After years of discussions and planning, the $34-million replacement for J.H. Sissons School – Ecole Įtłʼo – is heading towards completion by late August, according to principal Graham Arts.
The 46,919-square-foot, two storey education facility, featuring 18 classrooms, a large gymnasium and a library, will accommodate up to 572 people. The former J.H. Sissons School, which stood on the same site on 51A Avenue, had 307.5 full-time equivalent students in September 2021.
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“An Indigenous consultant provided insights on the design of the building, which resulted in incorporated elements such as circular spaces, wayfinding, and colour selections,” stated Darren P. Campbell, manager of public affairs and communications with the Department of Infrastructure.
The budget includes demolition of the previous school and remediation of the site, which began in July 2019; the design process for the new school; the installation of temporary portable classrooms; and furniture and equipment.
Construction, awarded to general contractor Clark Builders, began in October 2019.
Keeping the project on budget and on schedule was tested by the Covid-19 pandemic, which forced the use of alternative construction materials in some instances due to supply chain issues.
There were periods when construction staff had to be reduced in number due to cases of the virus, including a one-week shutdown this past January while Covid cases were climbing in Yellowknife and onsite. The complement of workers currently numbers between 30 and 40, but is anticipated to rise to 40 to 50 staff by May, when exterior building and civil work, such as grading, paving and concrete, resumes. During the winter, there were 15 to 25 employees needed for primarily interior work.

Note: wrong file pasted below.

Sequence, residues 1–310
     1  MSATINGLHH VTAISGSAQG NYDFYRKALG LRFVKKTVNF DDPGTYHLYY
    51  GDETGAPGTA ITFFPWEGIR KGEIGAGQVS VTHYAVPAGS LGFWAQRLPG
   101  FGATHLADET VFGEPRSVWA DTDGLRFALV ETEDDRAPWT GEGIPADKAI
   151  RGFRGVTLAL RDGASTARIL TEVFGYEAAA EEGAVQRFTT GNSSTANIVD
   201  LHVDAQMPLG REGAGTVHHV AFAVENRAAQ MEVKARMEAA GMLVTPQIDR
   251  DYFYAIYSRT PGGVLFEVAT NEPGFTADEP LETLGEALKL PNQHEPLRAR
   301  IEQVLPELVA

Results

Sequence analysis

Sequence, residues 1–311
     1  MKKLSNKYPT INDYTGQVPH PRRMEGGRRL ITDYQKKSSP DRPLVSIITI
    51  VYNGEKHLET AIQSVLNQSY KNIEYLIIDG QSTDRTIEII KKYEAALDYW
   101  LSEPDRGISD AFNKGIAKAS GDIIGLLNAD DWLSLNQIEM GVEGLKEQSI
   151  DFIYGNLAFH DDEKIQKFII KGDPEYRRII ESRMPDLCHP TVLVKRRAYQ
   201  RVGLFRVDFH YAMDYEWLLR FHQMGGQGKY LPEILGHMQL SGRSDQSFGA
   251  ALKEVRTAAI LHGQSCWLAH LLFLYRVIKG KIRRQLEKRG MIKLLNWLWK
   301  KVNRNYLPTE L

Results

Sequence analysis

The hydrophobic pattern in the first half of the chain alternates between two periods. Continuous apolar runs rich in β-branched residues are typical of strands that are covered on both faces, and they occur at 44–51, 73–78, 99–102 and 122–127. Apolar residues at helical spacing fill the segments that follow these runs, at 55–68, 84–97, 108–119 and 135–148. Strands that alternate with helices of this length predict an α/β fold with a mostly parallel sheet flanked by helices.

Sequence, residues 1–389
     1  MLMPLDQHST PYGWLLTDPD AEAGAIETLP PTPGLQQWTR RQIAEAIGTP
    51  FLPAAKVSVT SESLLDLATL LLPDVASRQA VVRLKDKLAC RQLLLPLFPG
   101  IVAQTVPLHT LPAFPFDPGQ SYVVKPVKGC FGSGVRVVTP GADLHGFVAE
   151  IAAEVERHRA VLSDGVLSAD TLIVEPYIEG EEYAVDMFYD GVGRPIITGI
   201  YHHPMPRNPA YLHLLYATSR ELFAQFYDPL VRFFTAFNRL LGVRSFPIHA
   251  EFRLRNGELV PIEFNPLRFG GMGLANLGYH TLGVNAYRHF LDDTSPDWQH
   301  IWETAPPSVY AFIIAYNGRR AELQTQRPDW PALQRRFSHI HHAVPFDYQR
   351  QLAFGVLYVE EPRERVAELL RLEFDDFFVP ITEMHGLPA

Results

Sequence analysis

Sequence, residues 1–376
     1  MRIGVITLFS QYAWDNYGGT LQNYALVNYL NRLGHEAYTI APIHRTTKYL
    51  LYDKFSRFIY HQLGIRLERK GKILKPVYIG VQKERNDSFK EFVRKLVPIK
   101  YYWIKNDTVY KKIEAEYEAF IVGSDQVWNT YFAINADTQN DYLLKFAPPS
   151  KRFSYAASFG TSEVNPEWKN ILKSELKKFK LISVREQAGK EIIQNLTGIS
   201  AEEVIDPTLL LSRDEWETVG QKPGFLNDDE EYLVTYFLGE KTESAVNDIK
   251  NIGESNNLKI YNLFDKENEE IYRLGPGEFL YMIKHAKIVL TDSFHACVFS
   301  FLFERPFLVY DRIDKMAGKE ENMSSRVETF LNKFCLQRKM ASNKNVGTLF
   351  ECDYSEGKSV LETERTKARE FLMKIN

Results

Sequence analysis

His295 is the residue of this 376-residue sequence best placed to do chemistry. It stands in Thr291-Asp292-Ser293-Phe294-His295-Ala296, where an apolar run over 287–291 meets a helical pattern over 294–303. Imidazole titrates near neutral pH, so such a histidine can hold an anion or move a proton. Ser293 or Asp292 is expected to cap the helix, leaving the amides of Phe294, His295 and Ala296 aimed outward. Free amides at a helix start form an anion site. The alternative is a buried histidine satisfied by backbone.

Another challenge that was encountered early on was a void – 4.5 metres at its deepest point – located under the former school once it was demolished, according to Campbell.
“Through a combination of lowering the elevation of the building with an increased blasting program and filling the remaining void space with concrete, the problem was resolved without an extension to the timeline,” Campbell stated.
Despite the stumbling blocks, the project remains on target financially and in terms of its timeline, he added.